Play Baritone Ukulele In 2 Minutes
by MaryLou Stout Dempler
I have played guitar since I was seven years old. I couldn’t learn to play my guitar fast enough. I had to take three guitar lessons a week. For my birthday, ten years ago my husband gave me a $2000.00 handmade concert ukulele. I fell in love all over again with music, my new uke and my husband. You can read the complete story, including how I became a Mel Bay author at my website www.allmarylou.com.
After teaching my first soprano ukulele class at Bellarmine University, I formed the Louisville Ukulele Association Unlimited club (L.U.A.U.) and Orchestra. To complete the orchestra’s sound, I wrote the Easy Baritone Ukulele Method Book and taught a Baritone Uke Class. The baritone ukulele is played exactly like the first four strings of the guitar and has the deepest sound of all the ukuleles. Using my guitar background, I developed an extremely easy method to learn to play music on the baritone ukulele instantly.
How to Hold Your Baritone Ukulele
Hold the neck of the baritone ukulele in the left hand. If you are left-handed, the ukulele must be restrung and the steps reversed.
Cuddle the ukulele like a little puppy in your arms resting it upon your chest and torso. I had a strap button installed on my baritone ukulele at the base of the body. I use a guitar strap tied at the neck right above the nut and slip the hole on the other end of the strap around the strap button.
How To Tune Your Baritone Ukulele
I recommend an electronic tuner like the Intellitouch © professional tuner with a backlight or the Intellitouch © PT-2 Tuner “Bare-Bone” which has no backlight. Lanikia Ukuleles has a programmed electronic tuner. Find the one that works best for you and fits within your budget.
The strings are tuned E B G D for the baritone ukulele.
The First String E, is the string facing the floor.
The Second String B, is above the E string.
The Third String G, is below the top string.
The Fourth String D, is the top string and the string closet to the chin.
The left hand index finger is #1. The second finger is #2. The middle finger is #3. The pinky finger is #4. Do not count the thumb.
Rest the thumb behind and in the middle of the instrument’s neck.
The right hand index finger is in a pointing position (all other fingers closed) and pointing to the strings over the sound hold.
I use a pick and I prefer that my students use a pick too. There are several different brands, shapes and size picks for different sound effects. Many ukulele players use a felt pick, which produces a softer sound. I like my ukulele strings to be heard, so I use a nylon 1. mm pick with ridges for easy gripping. Take your baritone uke to your local music store. Try out several different brands and thickness of picks. Find the sound you like when you strum your ukulele.
The baritone ukulele has frets on the neck of the fret board.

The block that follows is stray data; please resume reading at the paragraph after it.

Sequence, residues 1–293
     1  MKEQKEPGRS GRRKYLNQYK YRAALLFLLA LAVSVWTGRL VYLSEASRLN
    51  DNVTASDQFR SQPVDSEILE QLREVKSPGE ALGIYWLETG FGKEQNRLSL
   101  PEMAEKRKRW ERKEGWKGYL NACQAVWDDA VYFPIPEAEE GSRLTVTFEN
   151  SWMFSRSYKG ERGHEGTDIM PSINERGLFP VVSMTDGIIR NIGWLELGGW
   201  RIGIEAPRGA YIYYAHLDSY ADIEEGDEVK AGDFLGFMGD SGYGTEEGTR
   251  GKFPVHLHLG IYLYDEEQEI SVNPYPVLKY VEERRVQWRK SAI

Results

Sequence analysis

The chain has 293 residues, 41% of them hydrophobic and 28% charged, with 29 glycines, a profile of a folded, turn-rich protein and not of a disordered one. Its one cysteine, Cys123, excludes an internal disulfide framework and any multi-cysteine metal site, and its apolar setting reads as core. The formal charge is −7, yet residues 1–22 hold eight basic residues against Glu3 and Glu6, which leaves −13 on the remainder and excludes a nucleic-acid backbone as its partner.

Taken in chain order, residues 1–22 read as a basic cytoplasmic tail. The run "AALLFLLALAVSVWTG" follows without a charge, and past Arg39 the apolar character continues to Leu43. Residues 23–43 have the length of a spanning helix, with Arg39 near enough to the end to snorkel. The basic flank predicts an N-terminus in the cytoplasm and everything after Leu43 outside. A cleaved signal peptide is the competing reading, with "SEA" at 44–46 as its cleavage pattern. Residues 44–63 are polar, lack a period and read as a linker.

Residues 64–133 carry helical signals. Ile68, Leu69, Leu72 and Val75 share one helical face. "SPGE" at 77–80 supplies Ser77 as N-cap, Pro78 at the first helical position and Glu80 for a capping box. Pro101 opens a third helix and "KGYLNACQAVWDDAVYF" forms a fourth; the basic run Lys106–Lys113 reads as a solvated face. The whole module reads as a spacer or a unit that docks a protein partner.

The first fret is from the nut right below the tuning pegs to the first fret wire.
The second fret follows and continues down the fret board.
Fret markers (dots or symbols) are placed at intervals on the fret board to help locate frets quickly. The markers usually begin at the third fret, fifth fret and so on.
Finger Positions On The Fret Board
Each finger corresponds with each fret. Finger #1 is played on the first fret. Finger #2 is played at the second fret. Finger #3 is played at the third fret. Finger #4 is played at the fourth fret. Now you are thinking WHOA! I’ve run out of fingers on my left hand. You are right but don’t panic! The #4 finger is used on the fourth and fifth frets. When you play notes or chords through the fifth fret, you are playing in the first position of the ukulele fret board.
NOW START YOUR STOP WATCH. You are going to play the baritone ukulele in 2 minutes or less.
Step 1 Place your #3 (ring) finger on the first string at the third fret. Be sure to place your finger on the tip behind the fret wire of the third fret. NO slouching or bending your finger over the fret wire. If you do not place your finger on the string correctly you will get a dull thud sound. You want to produce a clear sound of the note being played. Strike the first string several times until a clear tone is produced. Readjust your finger until the sound of the string rings clear. You have just made a G chord.
Step 2 Strum the strings down over the sound hole beginning with the top fourth string while holding the G chord formation. Strumming a chord while you sing or someone else plays the melody on a instrument is called playing RHYTHM. When the melody of the song is played on an instrument it is called the LEAD. You will be playing the RHYTHM ACCOMPANIMENT while you sing the melody.
Step 3 Keeping strumming and sing. This symbol / means strum down over the strings.
/ / / / /
Row Row, Row, Your Boat
/ / / / / /
Gently Down The Stream
/ / / / / / / / / / / /
Merrily, Merrily, Merrily, Merrily
/ / / / /
Life Is But A Dream!
YOU DID IT! YOU SHOULD HAVE A BIG HUGE SMILE ON YOUR FACE!
You just played your first song on the baritone ukulele!
You can play this version of Row Row Row Your Boat on a guitar but do not strum the fifth and sixth bass strings. You need to form the notes on the 5th and 6th bass strings of the guitar fret board to form a full G Chord.
This was EASY and now you are playing music on your baritone ukulele! You can use this same method to play a soprano, concert, banjo or tenor uke. Just tune the uke to the A E C G tuning.
Sing while you play your ukulele. ENJOY MAKING BEAUTIFUL MUSIC!
If you have questions, email me at firstname.lastname@example.org I would love to hear from you and your progress on your musical journey.
MaryLou Stout Dempler
Kentucky‘s Ukulele Goddess